Dental insurance is great. It’s even better when your company is paying for it. And like all great things, there are limitations. These limitations come in the form of money. Most dental insurance policies have a deductable, waiting period, a co-pay, an annual maximum, and limitations on x-rays, dental exams and cleanings.
These policies are commonly mistaken for dental health guidelines and it saddens me when patients refuse treatment because their insurance won’t pay. I get even sadder when I think about how the insurance industry fails to recognize that everyone is different and there is a need to expand its policies.
More that 50% of patients need more than two cleanings a year. In today’s market the price of one crown will max out a patient’s annual coverage. With the reality as it is, dental insurance should be thought of as an adjunct benefit. People should assume an annual financial responsibility for their general well-being. Ultimately, the patient must decide how to proceed with their finances, their treatment, their teeth.
Patient only wants two cleanings a year because that is what insurance covers. Patient builds up a lot of tartar. Six months of tartar and plaque accumulation is too much to clean in one appointment.
The hygienist does the best they can. Most of the plaque and tartar is gone, but some still remains and starts to cause inflammation and bleeding. The gums swell up and get sore. While swollen, bacteria from the tartar have access into the blood stream and make its way down the sides of the teeth. Your body reacts to the bacteria by shying away. Gums pull away from the teeth, attachment is lost and the bone diminishes.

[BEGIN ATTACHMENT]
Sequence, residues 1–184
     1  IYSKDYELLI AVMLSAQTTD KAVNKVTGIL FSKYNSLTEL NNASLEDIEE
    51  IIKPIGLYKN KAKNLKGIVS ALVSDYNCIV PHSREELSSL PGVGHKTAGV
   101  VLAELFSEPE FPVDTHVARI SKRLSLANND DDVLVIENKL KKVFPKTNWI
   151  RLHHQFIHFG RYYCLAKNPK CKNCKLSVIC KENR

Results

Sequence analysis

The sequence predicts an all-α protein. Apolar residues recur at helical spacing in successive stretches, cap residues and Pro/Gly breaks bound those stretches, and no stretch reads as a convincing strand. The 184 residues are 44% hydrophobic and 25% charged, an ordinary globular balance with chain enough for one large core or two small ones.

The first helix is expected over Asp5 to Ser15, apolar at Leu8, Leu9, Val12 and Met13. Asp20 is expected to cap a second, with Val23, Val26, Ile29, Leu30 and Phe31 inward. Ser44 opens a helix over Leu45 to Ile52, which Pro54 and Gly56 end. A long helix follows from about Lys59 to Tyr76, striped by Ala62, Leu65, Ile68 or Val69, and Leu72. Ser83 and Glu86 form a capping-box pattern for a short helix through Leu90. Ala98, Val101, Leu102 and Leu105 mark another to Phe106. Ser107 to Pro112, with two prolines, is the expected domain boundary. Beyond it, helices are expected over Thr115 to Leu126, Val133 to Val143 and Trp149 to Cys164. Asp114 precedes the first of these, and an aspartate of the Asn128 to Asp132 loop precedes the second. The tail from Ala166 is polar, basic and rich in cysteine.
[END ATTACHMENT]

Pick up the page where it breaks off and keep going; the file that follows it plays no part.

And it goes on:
Meanwhile, this is happening all while new tartar and plaque is being formed. The cycle keeps going and going until the patient ends up having surgery or is loosing teeth. This is not an exaggeration and no one is smiling at this point, literally or figuratively.
All of this can be avoided by listening to the recommendation of dental professionals rather than insurance companies. I know I would rather pay $100-$200 more a year to have a healthy clean mouth than wind up missing teeth or at the surgeon’s office. And trust me, they ain’t cheap!
When I think of Lumineers®, I think of fake nails. You just glue them over your natural short stubby nails and whala, now you have beautiful long pretty nails. Lumineers work the same way. They are thin porcelain shells glued to the outside of your teeth. Lumineers® offer patients the opportunity to alter the appearance […]Read More
Dental insurance is great. It’s even better when your company is paying for it. And like all great things, there are limitations. These limitations come in the form of money. Most dental insurance policies have a deductable, waiting period, a co-pay, an annual maximum, and limitations on x-rays, dental exams and cleanings. These policies are […]Read More